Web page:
Ireland is fast becoming an IT Security hub for Europe with companies focusing on R&D, threat research, security forums, and security operation centres activities/functions here. There has been a significant investment not only from large global security organisations, such as Mandiant, FireEye, and Symantec but also locally grown companies such as Daon, Espion, and Integrity 360. Some global companies have gone on to set up centres of excellence in Ireland. Zurich have set up their Cybersecurity Innovation Centre in Dublin. Microsoft have built and set up a major data centre with associated risk and security functions. MasterCard would have a R&D Centre with function on secure payments.
Apart from its low corporate tax rate, Ireland has one of the highest graduates and enrolment rates in maths, science and technology sectors. There is also a number of academic research bodies here helping to supply industry with informative studies: UCD: cybercrime and fraud analysis, LERO: software for analytics and security, and Insight: network analysis. For me personally, there is massive comfort and safety in numbers with the top 5 worldwide security software companies having considerably large operations here. However this is a double edged sword. The same companies both global and indigenous are fighting over a relatively small talent pool. In effect some roles are not being filled and are subsequently moved out of Ireland, while on the other hand salary levels are at their highest in years especially in the IT security sector. It would be uncommon, for instance, an IT Security Analyst with a degree and two years to command a base salary of €50,000 – €55,000.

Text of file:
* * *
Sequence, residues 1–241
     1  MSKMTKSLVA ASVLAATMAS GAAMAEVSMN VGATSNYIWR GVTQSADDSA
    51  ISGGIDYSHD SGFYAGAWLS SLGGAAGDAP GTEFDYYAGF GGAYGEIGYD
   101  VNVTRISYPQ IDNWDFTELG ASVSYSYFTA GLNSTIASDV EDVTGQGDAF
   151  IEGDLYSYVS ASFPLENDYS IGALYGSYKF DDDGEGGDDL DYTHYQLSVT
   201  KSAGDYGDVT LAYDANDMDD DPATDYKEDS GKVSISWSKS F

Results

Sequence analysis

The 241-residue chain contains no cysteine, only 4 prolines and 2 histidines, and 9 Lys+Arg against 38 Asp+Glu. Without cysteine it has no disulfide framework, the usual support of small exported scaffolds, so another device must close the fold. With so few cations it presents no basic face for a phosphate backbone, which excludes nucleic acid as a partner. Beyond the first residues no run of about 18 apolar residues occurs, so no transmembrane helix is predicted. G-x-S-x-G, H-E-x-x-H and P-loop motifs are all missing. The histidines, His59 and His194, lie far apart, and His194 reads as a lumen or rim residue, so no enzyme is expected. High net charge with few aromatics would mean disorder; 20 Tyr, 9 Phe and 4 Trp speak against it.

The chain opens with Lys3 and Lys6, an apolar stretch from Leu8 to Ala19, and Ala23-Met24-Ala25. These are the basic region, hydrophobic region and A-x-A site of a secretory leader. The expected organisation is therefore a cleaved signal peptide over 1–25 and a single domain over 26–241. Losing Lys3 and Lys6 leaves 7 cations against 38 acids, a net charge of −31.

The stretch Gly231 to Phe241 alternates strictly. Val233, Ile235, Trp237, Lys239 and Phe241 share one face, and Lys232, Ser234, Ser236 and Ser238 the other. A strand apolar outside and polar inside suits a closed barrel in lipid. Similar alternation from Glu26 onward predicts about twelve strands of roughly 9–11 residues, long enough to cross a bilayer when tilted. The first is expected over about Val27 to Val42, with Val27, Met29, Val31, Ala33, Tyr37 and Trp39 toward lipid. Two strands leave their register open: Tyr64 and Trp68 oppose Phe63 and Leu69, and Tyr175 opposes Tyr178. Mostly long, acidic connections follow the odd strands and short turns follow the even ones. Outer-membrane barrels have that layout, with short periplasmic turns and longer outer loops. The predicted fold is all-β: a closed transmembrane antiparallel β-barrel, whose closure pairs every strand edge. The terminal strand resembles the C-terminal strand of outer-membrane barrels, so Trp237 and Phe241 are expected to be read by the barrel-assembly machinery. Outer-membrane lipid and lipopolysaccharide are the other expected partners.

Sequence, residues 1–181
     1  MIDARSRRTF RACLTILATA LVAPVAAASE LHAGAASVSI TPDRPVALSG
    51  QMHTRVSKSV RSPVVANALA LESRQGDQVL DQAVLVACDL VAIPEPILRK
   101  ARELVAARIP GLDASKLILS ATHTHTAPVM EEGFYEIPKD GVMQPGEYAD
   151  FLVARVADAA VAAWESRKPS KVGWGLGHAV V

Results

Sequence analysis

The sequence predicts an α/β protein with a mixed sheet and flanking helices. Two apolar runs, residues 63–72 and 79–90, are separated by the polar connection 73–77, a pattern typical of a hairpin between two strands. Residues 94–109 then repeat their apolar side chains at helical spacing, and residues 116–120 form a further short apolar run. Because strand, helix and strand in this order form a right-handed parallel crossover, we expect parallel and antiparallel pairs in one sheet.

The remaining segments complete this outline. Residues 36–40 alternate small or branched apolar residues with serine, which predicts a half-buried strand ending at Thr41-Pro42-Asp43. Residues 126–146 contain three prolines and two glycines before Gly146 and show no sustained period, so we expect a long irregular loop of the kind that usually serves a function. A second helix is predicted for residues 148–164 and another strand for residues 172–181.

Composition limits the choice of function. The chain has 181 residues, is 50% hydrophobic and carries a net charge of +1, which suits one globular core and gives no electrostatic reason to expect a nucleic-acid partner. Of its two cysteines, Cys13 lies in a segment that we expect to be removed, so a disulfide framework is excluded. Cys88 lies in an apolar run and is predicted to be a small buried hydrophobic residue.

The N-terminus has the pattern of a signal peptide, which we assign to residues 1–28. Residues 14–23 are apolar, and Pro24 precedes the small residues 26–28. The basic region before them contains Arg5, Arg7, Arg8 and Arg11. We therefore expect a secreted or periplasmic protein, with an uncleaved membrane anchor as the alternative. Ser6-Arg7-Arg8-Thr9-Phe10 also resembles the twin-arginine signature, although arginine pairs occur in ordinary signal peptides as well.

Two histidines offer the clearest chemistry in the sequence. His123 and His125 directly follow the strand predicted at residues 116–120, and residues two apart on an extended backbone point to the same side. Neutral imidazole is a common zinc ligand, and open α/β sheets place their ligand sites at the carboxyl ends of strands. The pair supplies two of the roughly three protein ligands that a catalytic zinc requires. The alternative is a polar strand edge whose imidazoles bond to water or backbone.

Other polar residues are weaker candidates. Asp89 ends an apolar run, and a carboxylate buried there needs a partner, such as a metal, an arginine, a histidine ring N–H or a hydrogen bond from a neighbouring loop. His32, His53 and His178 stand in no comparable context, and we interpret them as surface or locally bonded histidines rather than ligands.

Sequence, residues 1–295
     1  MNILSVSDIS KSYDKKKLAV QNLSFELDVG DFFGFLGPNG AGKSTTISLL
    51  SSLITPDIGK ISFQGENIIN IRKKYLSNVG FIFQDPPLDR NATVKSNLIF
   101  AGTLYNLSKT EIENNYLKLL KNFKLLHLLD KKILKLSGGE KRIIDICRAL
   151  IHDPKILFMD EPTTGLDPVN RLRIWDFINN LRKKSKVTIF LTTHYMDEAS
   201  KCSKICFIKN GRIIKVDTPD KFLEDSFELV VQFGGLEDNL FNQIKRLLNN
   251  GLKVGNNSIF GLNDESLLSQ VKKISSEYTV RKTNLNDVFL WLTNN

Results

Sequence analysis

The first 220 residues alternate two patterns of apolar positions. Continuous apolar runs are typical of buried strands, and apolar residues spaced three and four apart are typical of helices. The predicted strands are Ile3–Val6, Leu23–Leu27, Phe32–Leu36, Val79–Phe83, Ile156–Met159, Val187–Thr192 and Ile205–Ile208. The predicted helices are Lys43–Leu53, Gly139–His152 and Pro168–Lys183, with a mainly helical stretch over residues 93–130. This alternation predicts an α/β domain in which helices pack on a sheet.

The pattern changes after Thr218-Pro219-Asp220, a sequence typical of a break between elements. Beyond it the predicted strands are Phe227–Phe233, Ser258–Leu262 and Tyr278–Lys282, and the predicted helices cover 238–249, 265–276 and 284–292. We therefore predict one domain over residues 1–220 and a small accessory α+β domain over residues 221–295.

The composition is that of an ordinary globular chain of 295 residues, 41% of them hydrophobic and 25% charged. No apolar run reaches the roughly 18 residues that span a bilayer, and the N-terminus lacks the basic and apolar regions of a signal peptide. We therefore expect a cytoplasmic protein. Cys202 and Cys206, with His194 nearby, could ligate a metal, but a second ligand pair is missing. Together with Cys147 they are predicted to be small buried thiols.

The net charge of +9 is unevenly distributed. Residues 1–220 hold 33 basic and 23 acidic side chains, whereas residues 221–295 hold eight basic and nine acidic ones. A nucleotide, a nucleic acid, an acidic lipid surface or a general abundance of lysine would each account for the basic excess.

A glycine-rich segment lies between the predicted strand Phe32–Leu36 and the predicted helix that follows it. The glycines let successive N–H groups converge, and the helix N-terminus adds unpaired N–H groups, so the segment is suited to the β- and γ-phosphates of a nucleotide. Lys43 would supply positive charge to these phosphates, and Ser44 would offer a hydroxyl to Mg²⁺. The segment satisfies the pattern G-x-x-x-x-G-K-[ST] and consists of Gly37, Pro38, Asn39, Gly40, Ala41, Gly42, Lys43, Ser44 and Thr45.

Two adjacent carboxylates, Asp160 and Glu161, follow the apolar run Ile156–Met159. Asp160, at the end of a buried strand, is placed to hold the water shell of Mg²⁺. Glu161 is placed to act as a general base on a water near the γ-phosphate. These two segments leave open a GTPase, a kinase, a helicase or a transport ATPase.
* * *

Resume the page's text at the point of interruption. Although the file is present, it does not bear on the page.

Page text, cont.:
In order for Ireland to continue to be a European and global force in attracting and retaining IT security organisations here, we need to address this supply and demand equation before it is too late.